Objective: In patients with human immunodeficiency virus, body weight (BW) loss, due mainly to loss of fat-free mass, is associated with progression of disease and mortality. Recombinant human growth hormone (rhGH) may promote BW gain by restoring FFM.
Methods: We investigated the results of adding to highly active antiretroviral therapy of routine rhGH treatment in 34 patients with human immunodeficiency virus who had lost 5% to 20% of their usual BWs. They were recruited by their physicians in Switzerland and were instructed to self-administer the drug. Patients were given 6 mg of rhGH each day for 12 wk. BW and body composition, measured by bioelectrical impedance analysis (50 kHz, tetrapolar), were recorded at baseline and at 4, 8, and 12 wk of treatment.
Results: At week 12, BW gain averaged 3.0 +/- 0.5 kg (P < 0.001), fat-free mass gain was 4.8 +/- 0.5 kg (P = 0.001), and body fat mass loss was 1.8 +/- 0.4 kg (P = 0.008). BW and fat-free mass increases and FM decrease were evident by week 4 and tended to plateau by week 8. Therapy was well tolerated; one patient developed carpal tunnel syndrome. Five patients abandoned the study for reasons unrelated to the rhGH treatment.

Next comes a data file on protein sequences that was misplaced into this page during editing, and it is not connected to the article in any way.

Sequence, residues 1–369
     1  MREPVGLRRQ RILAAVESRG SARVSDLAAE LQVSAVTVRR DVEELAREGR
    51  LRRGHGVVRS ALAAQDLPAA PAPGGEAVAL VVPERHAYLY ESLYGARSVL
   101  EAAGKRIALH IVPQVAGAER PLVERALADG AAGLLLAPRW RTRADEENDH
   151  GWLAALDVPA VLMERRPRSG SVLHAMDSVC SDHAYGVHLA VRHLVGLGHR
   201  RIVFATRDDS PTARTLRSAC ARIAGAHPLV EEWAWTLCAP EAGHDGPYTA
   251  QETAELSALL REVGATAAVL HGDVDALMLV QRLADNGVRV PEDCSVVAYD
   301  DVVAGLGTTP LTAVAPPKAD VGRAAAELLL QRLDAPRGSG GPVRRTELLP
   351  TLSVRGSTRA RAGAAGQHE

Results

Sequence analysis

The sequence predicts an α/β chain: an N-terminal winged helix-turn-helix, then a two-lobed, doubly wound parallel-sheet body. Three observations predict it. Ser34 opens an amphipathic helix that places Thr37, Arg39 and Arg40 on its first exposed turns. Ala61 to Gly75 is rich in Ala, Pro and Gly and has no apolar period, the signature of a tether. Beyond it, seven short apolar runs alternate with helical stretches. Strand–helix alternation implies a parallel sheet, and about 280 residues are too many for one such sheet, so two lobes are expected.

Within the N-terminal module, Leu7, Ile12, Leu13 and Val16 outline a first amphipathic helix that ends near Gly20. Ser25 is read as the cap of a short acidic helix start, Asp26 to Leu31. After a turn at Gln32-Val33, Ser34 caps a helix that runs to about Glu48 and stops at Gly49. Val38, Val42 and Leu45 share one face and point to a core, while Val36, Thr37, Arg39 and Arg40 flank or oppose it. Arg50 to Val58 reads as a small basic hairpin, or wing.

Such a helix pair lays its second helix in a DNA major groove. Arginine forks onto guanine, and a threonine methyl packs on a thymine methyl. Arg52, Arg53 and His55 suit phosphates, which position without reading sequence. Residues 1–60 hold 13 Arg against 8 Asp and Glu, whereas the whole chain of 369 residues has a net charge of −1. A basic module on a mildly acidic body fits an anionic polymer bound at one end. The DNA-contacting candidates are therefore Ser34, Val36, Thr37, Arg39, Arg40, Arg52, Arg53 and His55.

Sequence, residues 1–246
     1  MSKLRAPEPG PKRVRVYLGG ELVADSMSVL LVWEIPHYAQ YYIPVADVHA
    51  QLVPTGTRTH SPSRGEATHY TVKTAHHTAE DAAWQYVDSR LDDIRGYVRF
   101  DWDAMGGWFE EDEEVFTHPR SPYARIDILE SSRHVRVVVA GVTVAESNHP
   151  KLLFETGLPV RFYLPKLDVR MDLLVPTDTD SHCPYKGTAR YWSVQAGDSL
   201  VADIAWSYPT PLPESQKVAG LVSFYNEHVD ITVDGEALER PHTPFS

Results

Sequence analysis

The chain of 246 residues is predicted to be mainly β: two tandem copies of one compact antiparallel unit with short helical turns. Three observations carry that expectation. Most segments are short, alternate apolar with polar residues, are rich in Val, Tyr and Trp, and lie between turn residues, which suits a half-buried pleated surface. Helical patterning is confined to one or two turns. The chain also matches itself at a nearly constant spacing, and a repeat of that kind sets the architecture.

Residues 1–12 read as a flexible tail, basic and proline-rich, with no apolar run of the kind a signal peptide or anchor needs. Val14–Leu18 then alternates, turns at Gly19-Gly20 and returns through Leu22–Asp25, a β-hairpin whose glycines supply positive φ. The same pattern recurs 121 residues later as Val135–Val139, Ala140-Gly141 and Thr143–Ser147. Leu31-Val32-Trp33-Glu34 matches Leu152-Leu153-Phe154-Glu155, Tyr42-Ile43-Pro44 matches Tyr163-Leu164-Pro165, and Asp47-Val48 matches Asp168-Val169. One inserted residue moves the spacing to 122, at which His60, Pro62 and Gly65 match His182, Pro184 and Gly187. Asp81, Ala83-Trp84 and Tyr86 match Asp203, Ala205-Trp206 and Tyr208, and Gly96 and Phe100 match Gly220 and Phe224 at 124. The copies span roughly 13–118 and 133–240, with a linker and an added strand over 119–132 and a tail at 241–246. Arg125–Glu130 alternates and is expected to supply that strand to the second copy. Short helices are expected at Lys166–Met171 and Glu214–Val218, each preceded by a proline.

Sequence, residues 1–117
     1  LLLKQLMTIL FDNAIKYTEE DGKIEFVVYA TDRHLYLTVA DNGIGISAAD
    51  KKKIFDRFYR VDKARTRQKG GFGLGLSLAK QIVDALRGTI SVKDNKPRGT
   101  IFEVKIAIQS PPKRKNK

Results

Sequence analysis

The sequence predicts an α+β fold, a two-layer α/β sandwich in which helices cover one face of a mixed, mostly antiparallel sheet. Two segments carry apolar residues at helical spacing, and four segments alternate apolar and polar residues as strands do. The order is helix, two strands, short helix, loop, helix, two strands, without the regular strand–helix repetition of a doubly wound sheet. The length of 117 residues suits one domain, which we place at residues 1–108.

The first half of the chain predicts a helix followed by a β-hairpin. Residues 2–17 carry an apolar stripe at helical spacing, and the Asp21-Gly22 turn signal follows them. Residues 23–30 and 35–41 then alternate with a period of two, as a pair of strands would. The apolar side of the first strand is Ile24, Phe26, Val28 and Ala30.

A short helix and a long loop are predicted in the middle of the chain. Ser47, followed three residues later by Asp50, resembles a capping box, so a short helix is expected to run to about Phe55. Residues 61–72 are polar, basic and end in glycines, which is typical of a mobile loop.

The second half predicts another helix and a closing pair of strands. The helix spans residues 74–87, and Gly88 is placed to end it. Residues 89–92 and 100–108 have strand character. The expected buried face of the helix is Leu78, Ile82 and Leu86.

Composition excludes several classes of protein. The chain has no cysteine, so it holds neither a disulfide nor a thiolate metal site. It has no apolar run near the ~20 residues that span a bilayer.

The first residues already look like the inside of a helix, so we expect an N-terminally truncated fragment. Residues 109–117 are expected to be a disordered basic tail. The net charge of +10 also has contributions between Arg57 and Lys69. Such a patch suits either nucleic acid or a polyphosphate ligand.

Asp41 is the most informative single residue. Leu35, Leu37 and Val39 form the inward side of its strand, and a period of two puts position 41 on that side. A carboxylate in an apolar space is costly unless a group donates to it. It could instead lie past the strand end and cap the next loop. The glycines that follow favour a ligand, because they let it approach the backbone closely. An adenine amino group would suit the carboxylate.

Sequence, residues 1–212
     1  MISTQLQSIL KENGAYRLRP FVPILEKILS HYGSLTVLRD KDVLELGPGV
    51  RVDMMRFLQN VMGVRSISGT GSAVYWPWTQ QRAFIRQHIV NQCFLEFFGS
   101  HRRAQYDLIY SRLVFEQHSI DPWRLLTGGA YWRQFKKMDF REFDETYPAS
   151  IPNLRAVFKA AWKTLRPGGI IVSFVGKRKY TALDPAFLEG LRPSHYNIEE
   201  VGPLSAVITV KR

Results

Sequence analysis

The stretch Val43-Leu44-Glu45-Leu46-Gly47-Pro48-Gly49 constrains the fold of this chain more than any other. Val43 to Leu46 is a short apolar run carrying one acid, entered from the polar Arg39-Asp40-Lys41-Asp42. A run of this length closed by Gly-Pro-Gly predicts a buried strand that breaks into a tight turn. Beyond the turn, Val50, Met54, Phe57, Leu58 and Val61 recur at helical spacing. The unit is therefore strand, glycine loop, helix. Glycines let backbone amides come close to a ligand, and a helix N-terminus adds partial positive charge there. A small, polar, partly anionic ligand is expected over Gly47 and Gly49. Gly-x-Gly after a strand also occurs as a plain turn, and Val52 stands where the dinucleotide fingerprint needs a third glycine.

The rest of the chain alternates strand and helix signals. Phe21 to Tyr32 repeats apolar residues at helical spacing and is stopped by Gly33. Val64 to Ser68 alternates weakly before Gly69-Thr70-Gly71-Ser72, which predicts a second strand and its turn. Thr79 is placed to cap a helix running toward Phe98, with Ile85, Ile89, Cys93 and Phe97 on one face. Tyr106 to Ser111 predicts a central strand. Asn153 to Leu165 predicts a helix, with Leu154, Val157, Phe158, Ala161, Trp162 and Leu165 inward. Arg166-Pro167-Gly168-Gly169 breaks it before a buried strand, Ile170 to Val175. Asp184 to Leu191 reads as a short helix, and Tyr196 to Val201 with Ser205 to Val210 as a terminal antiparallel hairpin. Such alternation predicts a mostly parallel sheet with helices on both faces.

Conclusion: Our data strongly support the use of rhGH in the treatment of unintentional BW loss associated with human immunodeficiency virus. The low rate of dropouts and the low incidence of side effects make the use of rhGH suitable for primary care management.